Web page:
came. They said you got stinking stuff to drink when you were in the infirmary. But he felt better now than before. It would be nice getting better slowly. You could get a book then. There was a book in the library about Holland. There were lovely foreign names in it and pictures of strangelooking cities and ships. It made you feel so happy.
How pale the light was at the window! But that was nice. The fire rose and fell on the wall. It was like waves. Someone had put coal on and he heard voices. They were talking. It was the the noise of the waves. Or the waves were talking among themselves as they rose and fell.
He saw the sea of waves, long dark waves rising and falling, dark under the moonless night. A tiny light twinkled at the pierhead where the ship was entering; and he saw a multitude of people gathered by the waters' edge to see the ship that was entering their harbour. A tall man stood on the deck, looking out towards the flat dark land: and by the light at the pierhead he saw his face, the sorrowful face of Brother Michael.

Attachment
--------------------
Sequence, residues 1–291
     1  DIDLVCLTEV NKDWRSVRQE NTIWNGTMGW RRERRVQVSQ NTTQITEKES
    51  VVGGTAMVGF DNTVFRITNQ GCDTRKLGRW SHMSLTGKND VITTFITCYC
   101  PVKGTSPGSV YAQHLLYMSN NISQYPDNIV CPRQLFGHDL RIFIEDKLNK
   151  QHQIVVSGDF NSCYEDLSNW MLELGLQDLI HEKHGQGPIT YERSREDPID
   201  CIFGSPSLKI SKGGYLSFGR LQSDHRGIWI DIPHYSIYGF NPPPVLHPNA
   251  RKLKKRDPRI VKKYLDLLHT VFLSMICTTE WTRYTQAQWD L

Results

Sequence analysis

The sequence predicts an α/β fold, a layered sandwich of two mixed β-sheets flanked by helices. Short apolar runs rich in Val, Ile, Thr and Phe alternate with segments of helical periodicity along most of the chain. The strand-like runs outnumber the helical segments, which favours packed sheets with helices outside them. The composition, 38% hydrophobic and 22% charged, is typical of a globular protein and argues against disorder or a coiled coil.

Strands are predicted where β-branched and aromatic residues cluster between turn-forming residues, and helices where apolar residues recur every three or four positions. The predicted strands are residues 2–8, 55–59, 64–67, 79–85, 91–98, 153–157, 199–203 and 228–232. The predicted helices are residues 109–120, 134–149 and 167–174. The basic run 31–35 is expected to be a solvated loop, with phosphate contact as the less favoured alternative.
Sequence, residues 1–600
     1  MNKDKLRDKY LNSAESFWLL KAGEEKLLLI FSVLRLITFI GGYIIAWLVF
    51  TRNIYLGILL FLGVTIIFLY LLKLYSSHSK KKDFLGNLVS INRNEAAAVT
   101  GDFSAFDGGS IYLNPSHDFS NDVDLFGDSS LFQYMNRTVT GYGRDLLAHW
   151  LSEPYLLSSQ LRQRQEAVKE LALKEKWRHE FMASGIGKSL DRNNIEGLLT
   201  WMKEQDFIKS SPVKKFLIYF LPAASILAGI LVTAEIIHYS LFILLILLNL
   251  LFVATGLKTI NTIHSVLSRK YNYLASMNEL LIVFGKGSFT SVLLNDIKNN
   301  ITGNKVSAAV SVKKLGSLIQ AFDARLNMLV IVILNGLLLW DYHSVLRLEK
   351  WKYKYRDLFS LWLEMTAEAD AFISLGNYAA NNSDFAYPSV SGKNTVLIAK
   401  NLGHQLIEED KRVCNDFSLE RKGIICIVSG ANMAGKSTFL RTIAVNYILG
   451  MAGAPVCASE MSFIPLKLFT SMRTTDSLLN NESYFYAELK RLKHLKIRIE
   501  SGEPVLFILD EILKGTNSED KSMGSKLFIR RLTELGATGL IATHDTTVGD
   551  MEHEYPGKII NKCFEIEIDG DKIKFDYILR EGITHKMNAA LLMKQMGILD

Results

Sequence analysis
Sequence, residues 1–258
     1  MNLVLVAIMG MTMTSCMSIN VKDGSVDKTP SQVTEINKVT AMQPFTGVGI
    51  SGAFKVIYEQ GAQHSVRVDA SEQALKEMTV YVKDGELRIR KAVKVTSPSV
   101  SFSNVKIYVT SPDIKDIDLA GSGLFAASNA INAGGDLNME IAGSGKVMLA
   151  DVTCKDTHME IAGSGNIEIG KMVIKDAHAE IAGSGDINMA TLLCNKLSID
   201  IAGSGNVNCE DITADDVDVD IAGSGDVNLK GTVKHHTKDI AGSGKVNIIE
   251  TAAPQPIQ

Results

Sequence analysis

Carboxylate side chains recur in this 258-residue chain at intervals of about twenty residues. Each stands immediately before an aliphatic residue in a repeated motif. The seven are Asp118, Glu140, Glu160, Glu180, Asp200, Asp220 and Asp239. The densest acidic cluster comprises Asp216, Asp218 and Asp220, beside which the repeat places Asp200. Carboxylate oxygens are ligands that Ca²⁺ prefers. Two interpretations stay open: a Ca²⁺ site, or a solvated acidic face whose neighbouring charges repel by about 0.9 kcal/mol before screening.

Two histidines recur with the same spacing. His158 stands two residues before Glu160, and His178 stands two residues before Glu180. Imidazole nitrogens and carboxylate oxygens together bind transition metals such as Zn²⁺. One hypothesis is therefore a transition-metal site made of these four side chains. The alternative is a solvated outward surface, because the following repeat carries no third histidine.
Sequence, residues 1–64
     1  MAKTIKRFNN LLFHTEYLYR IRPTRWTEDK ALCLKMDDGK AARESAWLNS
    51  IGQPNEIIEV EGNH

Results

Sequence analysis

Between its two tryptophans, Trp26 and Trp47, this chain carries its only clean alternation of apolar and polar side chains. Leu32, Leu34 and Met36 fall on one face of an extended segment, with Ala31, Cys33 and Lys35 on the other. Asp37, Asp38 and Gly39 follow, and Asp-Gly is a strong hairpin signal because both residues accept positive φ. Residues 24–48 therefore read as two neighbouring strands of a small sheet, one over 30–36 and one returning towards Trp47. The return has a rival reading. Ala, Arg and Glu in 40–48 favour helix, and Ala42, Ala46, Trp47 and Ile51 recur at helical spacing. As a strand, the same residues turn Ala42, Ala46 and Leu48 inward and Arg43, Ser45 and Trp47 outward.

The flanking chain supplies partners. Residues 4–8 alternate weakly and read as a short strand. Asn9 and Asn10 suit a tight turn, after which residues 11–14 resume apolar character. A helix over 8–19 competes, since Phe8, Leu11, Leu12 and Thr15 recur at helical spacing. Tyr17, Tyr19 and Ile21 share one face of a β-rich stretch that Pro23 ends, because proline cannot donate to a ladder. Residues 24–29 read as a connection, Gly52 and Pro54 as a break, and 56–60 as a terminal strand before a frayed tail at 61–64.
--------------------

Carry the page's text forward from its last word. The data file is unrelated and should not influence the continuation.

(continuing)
He saw hims lift his hand towards the people and heard him say in a loud voice of sorrow over the waters:
----He is dead. We saw him lying upon the catafalque.
A wail of sorrow went up from the people.
----Parnell! Parnell! He is dead!
They fell upon their knees, moaning in sorrow.
And he saw Dante in a maroon velvet dress and with a green velvet mantle hanging from her shoulders walking proudly and silently past the people who knelt by the waters' edge.
* * *
A great fire, banked high and red, flamed in the grate and under the ivytwined branches of the chandelier the